KW: When compared to commercially available graphene, we found our upcycled graphene product to be more than twice as dispersible. Dispersing graphene in solvent is often the first step to using it in applications such as composites, so it is an essential property. Though it depends on the manufacturing method, we often find our graphene product is also purer and higher quality than most commercial graphenes.
Ford Motor Company, the car manufacturer, partnered with you on this research. What was their role and how does it feel to have immediate commercial interest?
KW: Ford helped us significantly through every phase of the research process. They supplied us with the authentic end-of-life vehicle waste plastic from landfilled F-150 trucks, made and tested the automotive polymer foams enhanced with graphene, and their sustainability experts helped us conduct the life-cycle assessment. As a graduate student, it was fulfilling to see the interest of Ford and gain an understanding and appreciation for the material chemistry happening in industry.
How scalable is this method? When and how can we apply this to the majority of end-of-life vehicles?
JT: The scale of automotive waste plastic, millions of kgs, means that of course further scale-up of the process from a lab-scale reactor is required. However, Universal Matter is working to scale up the flash Joule heating process to be able to process tons of materials per day! 1 ton per day by the end of 2022, and 100 tons per day 1 year later.
KW: Throughout this project, we wanted to make the process as practical and simple as possible. We did this by designing and constructing an all-in-one flash Joule heating system on a larger scale, using authentic end-of-life vehicle waste plastic, and making sure our process doesn’t require any sorting, washing, or expensive additives or purification.
We then tested the practical usefulness of our product by having Ford Motor Company, one of the industry leaders in graphene use, test our product in their automotive parts. The life-cycle assessment was carried out to confirm the efficiency and practicality of our process.
Are there any limitations in regard to the process you are yet to overcome?
KW/JT: We’ve been able to upcycle all types of waste plastic, even mixed streams or dirty streams. One consideration is that the yield of the flash Joule heating reaction can be improved upon to get more graphene out of every gram of plastic upcycled. We’re currently researching ways to improve the yield and get other value streams out of waste plastic through flash Joule heating.
How will this research contribute toward efforts to make the automotive industry more sustainable or circular?
JT: We have continued to work with Ford Motor Company studying other products that we can make using flash Joule heating, and the life-cycle analysis demonstrates that our method uses 88% less energy, 95% less water, and emits 80% less CO2 emissions than other graphene production methods. As the price of graphene now declines through this commercial plastic, graphene will enter more vehicle plastics that are slated to displace now metal parts. This is all about light-weighting the vehicle for greater energy efficiency.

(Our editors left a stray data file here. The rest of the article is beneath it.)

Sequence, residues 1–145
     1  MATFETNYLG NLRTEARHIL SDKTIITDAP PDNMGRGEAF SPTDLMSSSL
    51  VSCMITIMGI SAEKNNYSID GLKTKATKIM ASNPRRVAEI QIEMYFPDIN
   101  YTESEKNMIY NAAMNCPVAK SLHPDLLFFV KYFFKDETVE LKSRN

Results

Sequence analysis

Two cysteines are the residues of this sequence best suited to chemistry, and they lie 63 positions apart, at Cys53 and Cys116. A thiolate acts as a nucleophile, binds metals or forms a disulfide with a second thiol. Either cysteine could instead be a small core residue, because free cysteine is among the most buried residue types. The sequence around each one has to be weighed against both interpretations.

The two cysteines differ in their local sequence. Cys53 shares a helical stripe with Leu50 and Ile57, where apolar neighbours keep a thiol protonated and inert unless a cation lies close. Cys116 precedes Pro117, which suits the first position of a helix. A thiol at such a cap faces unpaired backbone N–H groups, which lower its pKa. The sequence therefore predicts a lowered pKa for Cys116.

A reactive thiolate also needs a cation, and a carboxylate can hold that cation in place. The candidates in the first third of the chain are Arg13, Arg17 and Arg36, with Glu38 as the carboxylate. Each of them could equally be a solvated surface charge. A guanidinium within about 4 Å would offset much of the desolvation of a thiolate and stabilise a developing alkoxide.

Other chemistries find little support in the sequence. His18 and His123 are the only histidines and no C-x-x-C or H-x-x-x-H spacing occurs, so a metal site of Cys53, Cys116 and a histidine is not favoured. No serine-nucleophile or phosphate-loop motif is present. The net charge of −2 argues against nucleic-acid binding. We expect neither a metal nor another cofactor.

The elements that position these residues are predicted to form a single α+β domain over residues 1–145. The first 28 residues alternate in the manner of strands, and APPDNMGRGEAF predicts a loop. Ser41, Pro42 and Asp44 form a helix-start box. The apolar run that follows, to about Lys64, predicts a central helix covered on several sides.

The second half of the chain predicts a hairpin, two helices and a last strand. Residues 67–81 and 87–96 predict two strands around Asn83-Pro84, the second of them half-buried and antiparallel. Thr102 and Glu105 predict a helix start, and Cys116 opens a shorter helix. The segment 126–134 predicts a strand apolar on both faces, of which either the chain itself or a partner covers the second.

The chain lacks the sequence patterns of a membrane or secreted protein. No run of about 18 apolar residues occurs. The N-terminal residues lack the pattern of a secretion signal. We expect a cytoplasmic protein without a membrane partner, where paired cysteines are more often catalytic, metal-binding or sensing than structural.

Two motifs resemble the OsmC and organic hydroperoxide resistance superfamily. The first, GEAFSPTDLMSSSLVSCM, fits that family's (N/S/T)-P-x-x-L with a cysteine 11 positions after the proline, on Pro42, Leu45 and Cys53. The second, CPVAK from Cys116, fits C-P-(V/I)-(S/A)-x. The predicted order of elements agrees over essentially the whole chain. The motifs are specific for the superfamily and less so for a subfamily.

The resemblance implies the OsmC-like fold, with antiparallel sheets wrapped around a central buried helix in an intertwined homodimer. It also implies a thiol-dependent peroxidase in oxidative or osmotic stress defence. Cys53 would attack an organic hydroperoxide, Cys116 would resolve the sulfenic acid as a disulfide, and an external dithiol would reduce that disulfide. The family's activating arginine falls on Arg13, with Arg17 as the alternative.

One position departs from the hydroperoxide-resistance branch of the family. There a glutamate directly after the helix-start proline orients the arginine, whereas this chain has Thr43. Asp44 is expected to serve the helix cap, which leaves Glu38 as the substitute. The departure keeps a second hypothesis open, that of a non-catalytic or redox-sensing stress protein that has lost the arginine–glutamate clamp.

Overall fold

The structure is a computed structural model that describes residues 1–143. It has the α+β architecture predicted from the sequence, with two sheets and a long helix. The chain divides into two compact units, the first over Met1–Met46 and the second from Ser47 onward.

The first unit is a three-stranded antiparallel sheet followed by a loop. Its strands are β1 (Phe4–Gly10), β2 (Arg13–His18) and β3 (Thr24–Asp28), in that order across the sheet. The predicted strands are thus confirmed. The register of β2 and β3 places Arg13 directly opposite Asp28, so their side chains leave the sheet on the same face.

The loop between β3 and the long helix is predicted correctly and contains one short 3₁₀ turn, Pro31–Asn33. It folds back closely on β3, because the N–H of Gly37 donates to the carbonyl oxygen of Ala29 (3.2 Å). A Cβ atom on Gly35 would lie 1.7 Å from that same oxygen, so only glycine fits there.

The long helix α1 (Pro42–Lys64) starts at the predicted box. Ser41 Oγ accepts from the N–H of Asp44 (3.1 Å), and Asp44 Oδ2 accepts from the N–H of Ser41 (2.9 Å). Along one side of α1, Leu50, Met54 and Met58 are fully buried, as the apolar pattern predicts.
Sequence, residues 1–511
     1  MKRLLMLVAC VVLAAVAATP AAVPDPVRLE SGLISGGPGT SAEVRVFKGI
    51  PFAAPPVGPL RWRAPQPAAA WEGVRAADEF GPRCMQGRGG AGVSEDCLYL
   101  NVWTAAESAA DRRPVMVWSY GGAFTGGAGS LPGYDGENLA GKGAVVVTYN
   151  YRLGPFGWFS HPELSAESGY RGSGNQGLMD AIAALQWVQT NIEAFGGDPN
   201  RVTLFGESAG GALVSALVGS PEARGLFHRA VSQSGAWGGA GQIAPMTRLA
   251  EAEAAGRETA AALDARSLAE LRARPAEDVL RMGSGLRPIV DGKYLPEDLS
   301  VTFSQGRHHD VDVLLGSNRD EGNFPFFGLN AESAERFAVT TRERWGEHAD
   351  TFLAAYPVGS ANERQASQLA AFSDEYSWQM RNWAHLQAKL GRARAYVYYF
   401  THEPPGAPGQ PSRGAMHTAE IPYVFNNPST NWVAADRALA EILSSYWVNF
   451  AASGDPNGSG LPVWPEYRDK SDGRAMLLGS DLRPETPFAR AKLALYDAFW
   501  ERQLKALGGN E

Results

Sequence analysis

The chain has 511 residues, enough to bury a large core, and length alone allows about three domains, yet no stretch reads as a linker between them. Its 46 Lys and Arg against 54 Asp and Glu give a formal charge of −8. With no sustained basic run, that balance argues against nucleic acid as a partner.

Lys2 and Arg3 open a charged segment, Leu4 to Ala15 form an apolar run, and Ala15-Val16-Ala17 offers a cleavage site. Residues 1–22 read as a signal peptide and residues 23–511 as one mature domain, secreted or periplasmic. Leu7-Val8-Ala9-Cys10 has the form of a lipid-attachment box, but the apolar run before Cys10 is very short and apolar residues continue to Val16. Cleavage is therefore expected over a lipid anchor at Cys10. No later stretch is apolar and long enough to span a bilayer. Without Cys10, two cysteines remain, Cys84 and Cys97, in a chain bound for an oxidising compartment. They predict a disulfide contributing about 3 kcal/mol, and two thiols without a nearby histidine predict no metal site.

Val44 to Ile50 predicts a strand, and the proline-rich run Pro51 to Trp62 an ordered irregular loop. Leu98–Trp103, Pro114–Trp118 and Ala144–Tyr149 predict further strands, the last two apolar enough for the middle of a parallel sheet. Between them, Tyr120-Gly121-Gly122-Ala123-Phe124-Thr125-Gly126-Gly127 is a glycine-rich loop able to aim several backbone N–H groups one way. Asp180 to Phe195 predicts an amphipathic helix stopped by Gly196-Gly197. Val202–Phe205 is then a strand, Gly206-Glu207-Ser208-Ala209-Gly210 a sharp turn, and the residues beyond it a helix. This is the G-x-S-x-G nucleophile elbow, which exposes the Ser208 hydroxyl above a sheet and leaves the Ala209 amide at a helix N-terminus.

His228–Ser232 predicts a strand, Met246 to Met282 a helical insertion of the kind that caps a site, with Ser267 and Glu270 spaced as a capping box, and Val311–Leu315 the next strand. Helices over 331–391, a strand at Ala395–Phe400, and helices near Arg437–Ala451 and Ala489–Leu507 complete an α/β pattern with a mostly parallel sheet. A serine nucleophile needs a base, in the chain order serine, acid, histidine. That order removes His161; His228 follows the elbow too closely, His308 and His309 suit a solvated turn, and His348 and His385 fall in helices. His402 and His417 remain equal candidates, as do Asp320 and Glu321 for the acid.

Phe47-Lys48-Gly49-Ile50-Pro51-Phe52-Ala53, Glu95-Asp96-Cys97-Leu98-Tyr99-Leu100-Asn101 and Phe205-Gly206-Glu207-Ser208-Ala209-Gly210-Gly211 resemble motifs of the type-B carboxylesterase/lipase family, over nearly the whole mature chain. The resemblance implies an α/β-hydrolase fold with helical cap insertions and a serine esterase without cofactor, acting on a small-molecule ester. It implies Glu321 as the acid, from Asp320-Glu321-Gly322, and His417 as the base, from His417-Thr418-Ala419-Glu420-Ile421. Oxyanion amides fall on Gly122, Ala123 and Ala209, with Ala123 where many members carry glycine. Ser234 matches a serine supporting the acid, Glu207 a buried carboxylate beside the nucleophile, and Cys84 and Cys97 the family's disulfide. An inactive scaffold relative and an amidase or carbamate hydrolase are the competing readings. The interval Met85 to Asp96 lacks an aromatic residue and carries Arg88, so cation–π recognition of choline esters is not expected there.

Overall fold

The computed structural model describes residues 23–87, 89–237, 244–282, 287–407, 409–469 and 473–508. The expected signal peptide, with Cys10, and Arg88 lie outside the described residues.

KW: By showing that we can continuously upcycle polymers and even nanocomposite polymers into high-value graphene, we are demonstrating one way that the automotive industry can use the resources that are currently landfilled in a more sustainable and circular manner. And, due to the high value of graphene, it economically incentivizes the responsible waste management of end-of-life vehicle waste plastic.
What is personally the most exciting aspect of this new research for you?
JT: This can make an enormous impact upon the world in waste management.
KW: Working closely with Ford Motor Company, and seeing the industrial interest in our lab’s research was really exciting for me, but learning to conduct cradle-to-gate life-cycle assessments was the most fulfilling. Life-cycle assessment is such a powerful tool to guide manufacturing in efficient and sustainable ways, and I was very grateful to work with and learn from experts from Ford and the rest of the field on this topic. The whole team at Ford is on the cutting edge of upcycling, recycling, and sustainable manufacturing, so I was happy to meet and work with such great collaborators.
Where can readers find more information?
Universal Matter Inc Website:
A Rice University press release on this work:
A video by Rice University describing the flash Joule heating process: https://news.rice.edu/news/2020/rice-lab-turns-trash-valuable-graphene-flash
Our first paper on flash Joule heating for graphene:
A recent review paper on the industrial outlook of graphene and flash Joule heating:
Kevin Wyss is a Ph.D. candidate at Rice University, researching graphene, upcycling of waste products, polymer engineering, sustainable production of nanomaterials, and is focused on applications in energy storage, electrocatalysis, and mechanical composites. He has been awarded the NSF Graduate Research Fellowship and Stauffer-Rothrock Fellowship. He received his B.S. degree in chemistry from Auburn University in Auburn, Alabama under the guidance of Prof. Anne Gorden and the mentorship of Prof. Richard Kemp.
Professor James Tour